Lola Bushnell, Senior Sustainable Futures Strategist and lead author of Designing for planetary boundary cities, Arup
Humans are part of nature, yet we are most unusual in the natural world. If you were to put Earth’s history on a calendar year, humans would have arrived late on the 31st of December, and in the last seconds of it, become the most influential species in the history of the planet with an abnormal ability to irreversibly alter our planetary systems.
The Earth as we know it today – from its temperature and weather patterns to the distribution of species that pollinate our crops – has been billions of years in the making through the gradual evolution of our Earth systems. Human behaviour is accelerating the change that is now threatening this balance: we are experiencing the impacts of climate change and ecological damage all around us as we rapidly approach our planet’s biophysical tipping elements.
In 2009, the Stockholm Resilience Centre (SRC) created the Planetary Boundaries Framework, defining the limits of acceptable change within nine of Earth’s key system processes. Simply put, these offer the guardrails for containing and reducing ecological harm, outlining thresholds for irreversible harm to our planet and its interconnected systems. We have already crossed five of the nine – indicating that we may be on the verge of pushing our entire Earth system to a state not seen in the past three million years, long before humans walked the earth.
Despite these grave prospects, we now have the knowledge and technical capability to inform progress. We are the first generation with sufficient data and computing power to understand and articulate what is happening to our planet because of our collective behaviour. Because of this, we have the unique opportunity and responsibility to action change – most notably by transitioning our impact from degenerative to regenerative.
To mobilise this change, we must evolve the way we think about our built environment and design our cities accordingly. As an important mechanism for decarbonisation, regenerative design prioritises nature and begins to mitigate further harm to our planetary resources. There is an ever-growing spectrum of regenerative actions available to city designers and planners, ranging from nature-based wastewater solutions to design interventions for public and active mobility. Although varied, these measures are entirely interconnected and embrace a new philosophy that engages the natural world as a co-creator during design stages, enabling regeneration and restoration.
This can be broken into two measures:
- Designing for nature by giving it space to flourish. This means reducing extractive + polluting pressures via strong circular economies that work in harmony with the cycles of nature. At design stages, we can reduce the amount of composite and toxic materials so that resources can be easily reused and reintegrated into natural systems. This brings nature in as a key stakeholder, considered in all decisions.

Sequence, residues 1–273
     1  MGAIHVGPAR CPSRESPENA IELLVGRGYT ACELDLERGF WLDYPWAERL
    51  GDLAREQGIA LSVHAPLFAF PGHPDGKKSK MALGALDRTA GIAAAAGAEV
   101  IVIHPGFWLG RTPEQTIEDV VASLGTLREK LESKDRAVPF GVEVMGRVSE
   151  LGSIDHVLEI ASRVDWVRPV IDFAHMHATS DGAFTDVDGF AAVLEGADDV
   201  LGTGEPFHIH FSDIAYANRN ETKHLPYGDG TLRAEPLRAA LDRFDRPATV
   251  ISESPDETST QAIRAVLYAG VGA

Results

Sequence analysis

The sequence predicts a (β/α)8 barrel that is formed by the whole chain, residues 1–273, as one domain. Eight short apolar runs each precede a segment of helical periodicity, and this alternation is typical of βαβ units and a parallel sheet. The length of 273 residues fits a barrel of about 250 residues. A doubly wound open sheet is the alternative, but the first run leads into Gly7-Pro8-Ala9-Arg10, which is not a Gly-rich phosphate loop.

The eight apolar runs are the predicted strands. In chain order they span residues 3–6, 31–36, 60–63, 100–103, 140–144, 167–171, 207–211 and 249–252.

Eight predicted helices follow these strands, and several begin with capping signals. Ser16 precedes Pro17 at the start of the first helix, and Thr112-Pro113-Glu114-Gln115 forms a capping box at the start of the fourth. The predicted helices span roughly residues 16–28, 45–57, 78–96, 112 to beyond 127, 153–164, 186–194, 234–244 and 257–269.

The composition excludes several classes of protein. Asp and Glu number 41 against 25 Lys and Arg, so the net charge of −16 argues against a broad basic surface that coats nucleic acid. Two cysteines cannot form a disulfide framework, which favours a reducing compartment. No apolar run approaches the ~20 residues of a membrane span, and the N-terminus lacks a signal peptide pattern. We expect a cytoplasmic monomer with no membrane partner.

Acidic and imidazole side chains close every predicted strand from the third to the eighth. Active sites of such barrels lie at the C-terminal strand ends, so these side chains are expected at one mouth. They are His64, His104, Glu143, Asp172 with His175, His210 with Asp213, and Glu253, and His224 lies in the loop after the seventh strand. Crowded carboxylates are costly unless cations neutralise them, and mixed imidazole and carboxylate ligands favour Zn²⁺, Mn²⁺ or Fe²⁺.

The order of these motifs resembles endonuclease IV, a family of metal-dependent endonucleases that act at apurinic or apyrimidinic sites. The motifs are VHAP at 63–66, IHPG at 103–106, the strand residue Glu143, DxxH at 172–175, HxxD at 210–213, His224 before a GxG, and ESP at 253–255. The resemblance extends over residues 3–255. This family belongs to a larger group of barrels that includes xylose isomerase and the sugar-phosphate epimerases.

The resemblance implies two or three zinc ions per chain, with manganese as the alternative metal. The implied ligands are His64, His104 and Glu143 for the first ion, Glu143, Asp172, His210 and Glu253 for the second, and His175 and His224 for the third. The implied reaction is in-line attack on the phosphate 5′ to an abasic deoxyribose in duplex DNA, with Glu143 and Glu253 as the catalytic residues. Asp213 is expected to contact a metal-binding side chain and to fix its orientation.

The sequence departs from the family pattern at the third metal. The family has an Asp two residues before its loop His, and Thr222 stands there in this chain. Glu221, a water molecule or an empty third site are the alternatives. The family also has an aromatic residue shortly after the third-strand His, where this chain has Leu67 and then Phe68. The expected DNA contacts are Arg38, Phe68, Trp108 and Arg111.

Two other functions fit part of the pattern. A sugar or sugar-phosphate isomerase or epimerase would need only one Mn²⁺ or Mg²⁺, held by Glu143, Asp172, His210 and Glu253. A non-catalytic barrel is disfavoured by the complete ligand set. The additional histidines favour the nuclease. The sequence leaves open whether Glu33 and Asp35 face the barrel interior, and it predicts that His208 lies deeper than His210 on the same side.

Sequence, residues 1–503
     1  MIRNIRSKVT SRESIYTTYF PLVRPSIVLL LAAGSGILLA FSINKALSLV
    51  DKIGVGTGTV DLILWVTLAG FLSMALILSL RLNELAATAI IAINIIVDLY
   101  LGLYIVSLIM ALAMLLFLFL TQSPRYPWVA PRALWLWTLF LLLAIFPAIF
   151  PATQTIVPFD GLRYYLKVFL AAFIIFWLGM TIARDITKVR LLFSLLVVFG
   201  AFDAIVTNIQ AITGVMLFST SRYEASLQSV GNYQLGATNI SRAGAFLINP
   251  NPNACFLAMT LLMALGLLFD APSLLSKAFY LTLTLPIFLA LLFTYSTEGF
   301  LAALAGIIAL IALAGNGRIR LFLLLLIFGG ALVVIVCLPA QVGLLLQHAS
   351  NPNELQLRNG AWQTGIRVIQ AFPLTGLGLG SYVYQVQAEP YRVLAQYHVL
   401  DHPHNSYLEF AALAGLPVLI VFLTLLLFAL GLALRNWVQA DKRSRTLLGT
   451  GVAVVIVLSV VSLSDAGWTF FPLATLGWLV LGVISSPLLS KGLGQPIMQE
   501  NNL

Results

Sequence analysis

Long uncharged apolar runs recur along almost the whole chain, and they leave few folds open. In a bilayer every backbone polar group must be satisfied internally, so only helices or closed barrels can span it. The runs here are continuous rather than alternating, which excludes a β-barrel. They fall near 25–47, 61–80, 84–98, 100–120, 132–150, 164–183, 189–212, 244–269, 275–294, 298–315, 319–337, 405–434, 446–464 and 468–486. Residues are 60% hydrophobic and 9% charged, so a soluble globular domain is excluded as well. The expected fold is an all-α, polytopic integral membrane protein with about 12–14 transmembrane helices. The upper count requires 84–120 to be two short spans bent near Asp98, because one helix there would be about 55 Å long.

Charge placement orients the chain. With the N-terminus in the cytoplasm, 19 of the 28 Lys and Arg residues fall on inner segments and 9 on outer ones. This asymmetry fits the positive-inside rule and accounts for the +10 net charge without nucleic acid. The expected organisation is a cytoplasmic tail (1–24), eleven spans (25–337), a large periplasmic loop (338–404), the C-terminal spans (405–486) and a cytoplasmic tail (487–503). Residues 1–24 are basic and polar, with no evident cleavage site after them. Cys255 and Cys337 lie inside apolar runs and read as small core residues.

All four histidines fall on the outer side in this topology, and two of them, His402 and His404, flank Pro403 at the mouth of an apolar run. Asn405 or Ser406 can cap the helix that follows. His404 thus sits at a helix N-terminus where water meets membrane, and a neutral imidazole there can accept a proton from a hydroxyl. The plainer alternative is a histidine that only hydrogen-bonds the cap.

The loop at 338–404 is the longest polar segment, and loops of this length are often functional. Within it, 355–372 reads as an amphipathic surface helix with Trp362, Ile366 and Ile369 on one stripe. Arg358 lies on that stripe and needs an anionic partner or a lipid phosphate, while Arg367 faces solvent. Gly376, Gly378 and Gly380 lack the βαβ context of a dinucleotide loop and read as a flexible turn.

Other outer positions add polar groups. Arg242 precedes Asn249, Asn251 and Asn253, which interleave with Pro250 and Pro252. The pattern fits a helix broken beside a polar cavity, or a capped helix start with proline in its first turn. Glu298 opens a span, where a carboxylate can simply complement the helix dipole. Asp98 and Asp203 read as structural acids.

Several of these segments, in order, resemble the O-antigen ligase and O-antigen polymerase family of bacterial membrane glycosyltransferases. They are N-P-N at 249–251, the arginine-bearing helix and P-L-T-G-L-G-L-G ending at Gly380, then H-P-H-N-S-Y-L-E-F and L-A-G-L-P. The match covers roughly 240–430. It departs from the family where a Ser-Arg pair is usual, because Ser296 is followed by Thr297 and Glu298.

- Designing with nature by enabling it to do what it was evolved to do. This means letting biodiversity thrive and perform the functions that we seek to re-engineer, such as decomposition, filtration and storage of water. Nature is effectively a catalogue of products that has benefitted from 3.8bn years of natural research and development through evolutionary selection.
In Arup’s recent report Designing for Planetary Boundary Cities, we look at how cities can design for clean and efficient public transportation systems and active travel infrastructure to support our natural ecosystems. As integrated regenerative actions, these elements further the pathway to net zero. Well-designed public transit systems can reduce aerosols emitted from combustion engines and reduce CO2 to alleviate consequential planetary impacts such as ocean acidification. The report explores Amsterdam’s Smart City Programme as an example of collaboration and innovation to solve mobility problems, such as congestion and crowding, in a metropolis.
Our urban environments play a key role in shaping humanity’s relationship with the wider natural world.
Through sustainable design, we are making important progress in beginning to mitigate further damage to our natural systems, but we must go further. Restorative design aims to repair prior damage, yet the fundamental aim of regenerative design is to leverage humans’ unique position on Earth and better participate in the wider natural system.
This Autumn, Arup will release new research exploring regenerative design, extending our understanding of planetary boundaries in the context of the built environment.